To get started, first ensure that elevated trust has been granted by using the OOB settings shown earlier in Figure 8. Next, go to the Silverlight project's Properties and check the Require elevated trust when running in-browser check box.

Note: Enabling this setting will allow the application to run in-browser with elevated trust on the localhost/ domain by default without doing any extra work. The localhost domain is the only domain that automatically allows elevated-trust in-browser applications to run correctly, though. To verify that the application is working properly, run the generated test page in the Silverlight project's bin folder using the file:// protocol instead of http://. If you haven't performed all the necessary steps outlined next, the elevated-trust features will not work correctly.

Two additional steps need to be performed to allow elevated-trust functionality to run in-browser: adding a registry key and signing the .xap file. To add the registry key, run regedit.exe at the command prompt and add a DWORD key named AllowElevatedTrustAppsInBrowser to one of the following registry locations:

  • for x86: HKEY_LOCAL_MACHINE\Software\Microsoft\Silverlight\
  • for x64: HKEY_LOCAL_MACHINE\Software\Wow6432Node\Microsoft\Silverlight\

The AllowElevatedTrustAppsInBrowser key must be set to a value of 1, as shown in Figure 10. Although this step can certainly be performed manually on a user's machine, many organizations push out this type of change through an enterprise group policy.

Figure 10: Adding the AllowElevatedTrustAppsInBrowser key into the registry to support in-browser elevated-trust functionality
Figure 10: Adding the AllowElevatedTrustAppsInBrowser key into the registry to support in-browser elevated-trust functionality

Once the registry key is added, you'll also need to sign your .xap file. This can be done by right-clicking on the Silverlight project in Visual Studio, going to the Properties window, and selecting the Signing tab. The Signing tab has a Sign the Xap File check box that needs to be selected. If you have an existing code-signing certificate, you can select it from the appropriate certificate store, or you can select it from a file. If you don't have a code-signing certificate available, you can create a test certificate by clicking the Create Test Certificate button shown in Figure 11.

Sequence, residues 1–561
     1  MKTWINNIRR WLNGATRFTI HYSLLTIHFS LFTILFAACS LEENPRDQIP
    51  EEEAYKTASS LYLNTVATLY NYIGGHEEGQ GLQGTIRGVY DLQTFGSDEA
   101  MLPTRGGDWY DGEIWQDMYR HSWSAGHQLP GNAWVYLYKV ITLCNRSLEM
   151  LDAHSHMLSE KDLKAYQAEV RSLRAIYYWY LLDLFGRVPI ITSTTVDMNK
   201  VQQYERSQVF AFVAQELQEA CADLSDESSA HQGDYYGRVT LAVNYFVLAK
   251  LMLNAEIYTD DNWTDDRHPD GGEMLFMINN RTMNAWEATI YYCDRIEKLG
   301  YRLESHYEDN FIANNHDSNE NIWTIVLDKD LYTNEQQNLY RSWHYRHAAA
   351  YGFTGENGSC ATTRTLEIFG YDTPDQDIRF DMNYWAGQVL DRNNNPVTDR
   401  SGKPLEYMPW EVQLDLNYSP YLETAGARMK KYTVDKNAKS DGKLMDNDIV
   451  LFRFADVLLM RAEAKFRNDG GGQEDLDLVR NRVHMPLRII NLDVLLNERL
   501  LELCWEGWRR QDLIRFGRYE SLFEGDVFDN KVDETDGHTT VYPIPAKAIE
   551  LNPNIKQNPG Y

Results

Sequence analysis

Figure 11: The Signing tab in the Properties window of a Silverlight project
Figure 11: The Signing tab in the Properties window of a Silverlight project

After you've clicked the Create Test Certificate button, you'll be prompted to enter a password for the test certificate. After you enter the password, a test certificate will be created automatically and placed in the Silverlight project.

Once the certificate is ready, you'll need to install it in the Trusted Publishers store (and possibly the Trusted Root Certification Authorities store, depending on who issued the certificate). To do so, click the More Details button in the Signing screen (see Figure 11), click the Install Certificate button shown on the certificate window, as in Figure 12, then walk through the wizard to install the certificate into the Trusted Publishers store.

Figure 12: Installing the test certificate into a store
Figure 12: Installing the test certificate into a store

After following these steps, you'll be able to run Silverlight elevated-trust applications directly in the browser. You can find additional details about these steps in the MSDN documentation.

Creating Multiple Windows in OOB Applications

OOB applications with elevated trust enabled can now spawn multiple ad-hoc windows in Silverlight 5. This is useful anytime an application needs to display data in different windows that an end user can arrange. Users can even move the windows to different monitors, if desired.